WHERE IT ALL BEGAN | Looking Back
The CSP was created ten years ago with an aim to help children from Shalom Orphanage Centre for the duration of their schooling by offering individual donors the unique opportunity to “adopt” students and commit to their educational endeavors. In most cases, students have had one or two donors support their primary and secondary school education for the entirety of their school years.
We enrolled our first 7 students in December 2009 (Aggie among them) and at our peak in 2015, we supported 19 students. Today, we are back to 7 students, the majority of whom are in pursuit of advanced studies…but more on that later!
Over the years, in addition to supporting the students, JOS strengthened program partnerships with Shalom Orphanage Centre through regularly providing funds for food and other basic necessities and Tumaini Junior School through various initiatives such as securing library book donations, the water well project, Project Bed Nets, Technology at Tumaini, and regular volunteer visits between 2009-2016.
Several projects have been especially bittersweet – like the water well at Tumaini Junior School which was completed through memorial donations honoring my late father, John Kallop. Many of you wrote, called, and kept our family in your thoughts and prayers during the 9 months of Dad’s valiant fight. In 2013, Mom and Jahred joined me and the Tumaini family for the dedication of the water well and certainly the tears and fresh water were both free-flowing that February morning.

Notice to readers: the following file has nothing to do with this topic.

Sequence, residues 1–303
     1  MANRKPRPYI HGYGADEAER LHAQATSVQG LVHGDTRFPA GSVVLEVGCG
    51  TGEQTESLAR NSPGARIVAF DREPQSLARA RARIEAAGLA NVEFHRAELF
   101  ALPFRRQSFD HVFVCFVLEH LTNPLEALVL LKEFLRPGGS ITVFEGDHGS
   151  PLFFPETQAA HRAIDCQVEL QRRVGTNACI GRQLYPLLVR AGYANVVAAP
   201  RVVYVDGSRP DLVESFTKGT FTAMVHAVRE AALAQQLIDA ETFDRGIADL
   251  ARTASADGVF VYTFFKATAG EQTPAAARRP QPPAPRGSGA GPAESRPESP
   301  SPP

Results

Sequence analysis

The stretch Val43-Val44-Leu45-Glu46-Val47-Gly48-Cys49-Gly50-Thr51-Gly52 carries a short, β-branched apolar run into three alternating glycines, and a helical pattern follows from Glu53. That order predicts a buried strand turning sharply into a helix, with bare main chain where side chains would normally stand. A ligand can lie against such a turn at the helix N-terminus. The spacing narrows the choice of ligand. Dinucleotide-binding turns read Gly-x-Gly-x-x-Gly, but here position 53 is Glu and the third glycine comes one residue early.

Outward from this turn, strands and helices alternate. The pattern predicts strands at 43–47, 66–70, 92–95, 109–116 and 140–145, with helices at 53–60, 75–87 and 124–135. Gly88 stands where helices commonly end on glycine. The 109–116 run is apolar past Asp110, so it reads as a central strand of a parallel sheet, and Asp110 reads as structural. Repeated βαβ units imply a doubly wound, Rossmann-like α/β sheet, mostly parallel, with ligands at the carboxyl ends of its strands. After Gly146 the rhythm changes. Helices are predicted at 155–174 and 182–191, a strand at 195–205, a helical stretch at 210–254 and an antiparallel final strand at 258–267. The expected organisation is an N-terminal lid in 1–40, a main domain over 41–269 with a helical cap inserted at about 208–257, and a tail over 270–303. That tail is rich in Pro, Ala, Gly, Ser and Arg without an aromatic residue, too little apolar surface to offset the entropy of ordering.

Check out our Timeline of Growth for more details!
Then, in 2017, as we were preparing for our first cohort of Form IV graduates, we began to see that more opportunities are afforded to not just Form IV graduates, but those holding higher/advanced degrees and certificates. As such, we began developing the Kesho Fund
[“kesho” means “tomorrow” in Swahili
] to support qualifying students who hoped to pursue advanced studies. In fact, some of our CSP students whose individual donor funding had lapsed were our first recipients of Kesho Fund
support in 2018, along with a few non-CSP students from the town of Karatu.
WHERE WE ARE HEADED | Kesho Fund & Winding Down
With our focus on our current 7 students, we remain committed to equipping these young adults with strong educational tools so that they can navigate their futures.
The Kesho Fund
will offer these tools through providing advanced educational support of up to 5 years from the time of Form IV graduation. As detailed on our Kesho Fund FAQ